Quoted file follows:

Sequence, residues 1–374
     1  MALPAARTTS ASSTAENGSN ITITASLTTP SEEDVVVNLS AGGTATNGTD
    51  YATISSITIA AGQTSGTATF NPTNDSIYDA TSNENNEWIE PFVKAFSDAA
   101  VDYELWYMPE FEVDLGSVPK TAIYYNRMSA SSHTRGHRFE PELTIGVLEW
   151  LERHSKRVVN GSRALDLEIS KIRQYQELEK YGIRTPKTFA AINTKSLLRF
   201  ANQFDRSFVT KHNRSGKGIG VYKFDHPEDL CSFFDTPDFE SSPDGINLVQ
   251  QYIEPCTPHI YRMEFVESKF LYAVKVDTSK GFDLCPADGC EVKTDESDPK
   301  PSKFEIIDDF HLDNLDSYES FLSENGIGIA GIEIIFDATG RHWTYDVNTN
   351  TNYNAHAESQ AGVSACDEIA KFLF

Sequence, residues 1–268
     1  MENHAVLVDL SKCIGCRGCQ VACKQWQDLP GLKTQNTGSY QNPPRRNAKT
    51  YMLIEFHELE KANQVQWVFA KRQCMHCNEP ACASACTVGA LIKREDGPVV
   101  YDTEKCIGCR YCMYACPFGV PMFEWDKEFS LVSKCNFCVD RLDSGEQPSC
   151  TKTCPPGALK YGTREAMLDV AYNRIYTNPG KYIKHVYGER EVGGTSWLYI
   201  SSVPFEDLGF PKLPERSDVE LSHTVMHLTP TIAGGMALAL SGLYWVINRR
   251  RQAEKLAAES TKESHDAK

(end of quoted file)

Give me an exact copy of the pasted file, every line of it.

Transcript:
Sequence, residues 1–374
     1  MALPAARTTS ASSTAENGSN ITITASLTTP SEEDVVVNLS AGGTATNGTD
    51  YATISSITIA AGQTSGTATF NPTNDSIYDA TSNENNEWIE PFVKAFSDAA
   101  VDYELWYMPE FEVDLGSVPK TAIYYNRMSA SSHTRGHRFE PELTIGVLEW
   151  LERHSKRVVN GSRALDLEIS KIRQYQELEK YGIRTPKTFA AINTKSLLRF
   201  ANQFDRSFVT KHNRSGKGIG VYKFDHPEDL CSFFDTPDFE SSPDGINLVQ
   251  QYIEPCTPHI YRMEFVESKF LYAVKVDTSK GFDLCPADGC EVKTDESDPK
   301  PSKFEIIDDF HLDNLDSYES FLSENGIGIA GIEIIFDATG RHWTYDVNTN
   351  TNYNAHAESQ AGVSACDEIA KFLF

Sequence, residues 1–268
     1  MENHAVLVDL SKCIGCRGCQ VACKQWQDLP GLKTQNTGSY QNPPRRNAKT
    51  YMLIEFHELE KANQVQWVFA KRQCMHCNEP ACASACTVGA LIKREDGPVV
   101  YDTEKCIGCR YCMYACPFGV PMFEWDKEFS LVSKCNFCVD RLDSGEQPSC
   151  TKTCPPGALK YGTREAMLDV AYNRIYTNPG KYIKHVYGER EVGGTSWLYI
   201  SSVPFEDLGF PKLPERSDVE LSHTVMHLTP TIAGGMALAL SGLYWVINRR
   251  RQAEKLAAES TKESHDAK